DIY Scrap Granite Kitchen Counter - Router Forums
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post #1 of 23 (permalink) Old 08-26-2013, 06:32 PM Thread Starter
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Default DIY Scrap Granite Kitchen Counter

Lowered the counters 1" and remounted. Remember- The granite was free slab scraps.

Trimmed up all the black w/ blue/gray granite I collected. Didn't really have enough of that to do the whole counter. I had a lot of deep black with copper/gold flecks in it, so decided to border it with that. So that is going around the edge and around the sink.

I wanted to run the same width border in the front of the corner cabinet, but got nixed by Sharon as her wanting a full piece. That deep black with the flecks was a good choice as that ties everything back with the oak. We wish we could have done it all with that, but it was collected scraps, so it is what we got. It was a jigsaw as we had to maximize the use of the odd scraps we collected over time.

The backsplash is just rough cut for now and set up there for the photos. I'm going to trim it out with poplar edge band with a round over, to tie it back into all the trim in the house and the island trim.

Next will be to put up some temp forms on the edges and set the stone in quickset. The quickset I'm using is for Granite and bonds well to plywood.

It's coming along. Have to pace myself with the shoulder.
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"Don't worry, I saw this work in a cartoon once."
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Last edited by MAFoElffen; 08-27-2013 at 01:58 AM.
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post #2 of 23 (permalink) Old 08-26-2013, 11:13 PM
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Very classy! Nice job, Mike.
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post #3 of 23 (permalink) Old 08-27-2013, 02:07 AM
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"If the cook aint happy, aint nobody happy"..

I feel that Sharon should be pleased, Mike.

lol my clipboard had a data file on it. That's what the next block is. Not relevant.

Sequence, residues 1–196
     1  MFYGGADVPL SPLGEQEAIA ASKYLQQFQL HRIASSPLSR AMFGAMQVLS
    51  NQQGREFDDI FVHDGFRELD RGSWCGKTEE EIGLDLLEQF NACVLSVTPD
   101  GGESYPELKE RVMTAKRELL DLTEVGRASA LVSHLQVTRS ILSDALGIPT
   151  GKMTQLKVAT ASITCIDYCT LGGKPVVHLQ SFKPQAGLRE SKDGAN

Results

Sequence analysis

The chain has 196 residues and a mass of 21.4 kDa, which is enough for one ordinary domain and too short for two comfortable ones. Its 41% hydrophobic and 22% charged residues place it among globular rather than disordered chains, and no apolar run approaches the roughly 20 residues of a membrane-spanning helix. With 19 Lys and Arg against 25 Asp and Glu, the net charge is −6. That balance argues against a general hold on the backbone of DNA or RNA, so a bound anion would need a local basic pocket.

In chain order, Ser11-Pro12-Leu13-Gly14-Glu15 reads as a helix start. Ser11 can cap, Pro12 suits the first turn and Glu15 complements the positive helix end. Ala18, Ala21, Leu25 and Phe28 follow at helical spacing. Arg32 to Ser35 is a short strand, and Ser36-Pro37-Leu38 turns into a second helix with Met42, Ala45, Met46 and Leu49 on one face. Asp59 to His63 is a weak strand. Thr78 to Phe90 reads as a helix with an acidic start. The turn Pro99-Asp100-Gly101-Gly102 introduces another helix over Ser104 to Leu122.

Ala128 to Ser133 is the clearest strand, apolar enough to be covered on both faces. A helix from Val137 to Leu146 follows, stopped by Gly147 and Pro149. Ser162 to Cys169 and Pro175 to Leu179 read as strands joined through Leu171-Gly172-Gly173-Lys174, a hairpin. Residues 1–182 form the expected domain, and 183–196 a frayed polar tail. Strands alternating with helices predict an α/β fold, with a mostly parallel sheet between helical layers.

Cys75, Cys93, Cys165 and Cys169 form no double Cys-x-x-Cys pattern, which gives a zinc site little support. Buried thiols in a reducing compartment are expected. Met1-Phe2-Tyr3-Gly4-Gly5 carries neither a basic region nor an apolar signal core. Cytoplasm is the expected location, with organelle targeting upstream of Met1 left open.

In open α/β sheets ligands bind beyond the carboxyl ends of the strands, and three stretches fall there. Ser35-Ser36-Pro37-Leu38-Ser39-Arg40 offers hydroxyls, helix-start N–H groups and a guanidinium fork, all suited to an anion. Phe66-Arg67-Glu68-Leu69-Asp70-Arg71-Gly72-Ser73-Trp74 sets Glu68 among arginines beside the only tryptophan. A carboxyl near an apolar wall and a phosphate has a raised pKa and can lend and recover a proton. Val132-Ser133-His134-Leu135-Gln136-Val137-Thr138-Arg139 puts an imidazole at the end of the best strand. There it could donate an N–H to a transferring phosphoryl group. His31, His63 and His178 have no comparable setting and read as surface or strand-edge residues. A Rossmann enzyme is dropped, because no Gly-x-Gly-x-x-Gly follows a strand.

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post #4 of 23 (permalink) Old 08-27-2013, 06:47 AM
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Do you have a method for trimming or cleaning up edges?
I will be using Silestone for splashbacks/window sills and may need to trim it.

Regards,

Alan.
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post #5 of 23 (permalink) Old 08-27-2013, 11:23 AM
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That looks great Mike. You are getting pretty handy with the puzzle work using granite pieces.
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post #6 of 23 (permalink) Old 08-27-2013, 11:47 AM Thread Starter
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Originally Posted by WurliTzerwilly View Post
Do you have a method for trimming or cleaning up edges?
I will be using Silestone for splashbacks/window sills and may need to trim it.
Thanks all.

Cutting & Trimming-
I was using a borrowed Husky 7" wet saw. The stone is 1-1/4" thick and that saw's depth of cut was 1-1/4". It was just barely enough to get through. So when I was starting out, it was getting chipping on that top edge, it was taking forever and it was hard to get a straight edge or square corners. It was all by "eye." To get a bevel, half the table tilt's and you had to hld the stone steady above the blade. No fence. It was a struggle and took a long time. Once I got to fitting the stone, it was taking forever.

HF had a sale on their 2-1/2 hp commercial 10" wet saw. Over $150 off. I broke down. Everything was a lot faster and easier. If you are trying to trim off just a slight angle with a diamond blade in thick granite, there is a lot of blade flex. That saw, besides the sliding table, you can vary the depth of cut and or use it like a chop saw. Made things possible and it was easy to square things up better.


Cleaning up the edges-
Granite and marble you put a slight 45 degree bevel on the top edges to clean them up. With ceramics and suck you can just take a carborundum rub stone for a masonry file wile carborundum) and a few swipes and you're good. Granite and marble is harder. I started out with using a sanding pad with 40 grit wet/dry (metal) belting and a diamond stone by hand. It was taking my forever. I took hours and I didn't feel like I accomplished much.

I broke down and bought a diamond turbo cup for my 4-1/2" angle grinder. Made that quick work. A pass or two at 45 degrees on each edge. A couple hours and I was done.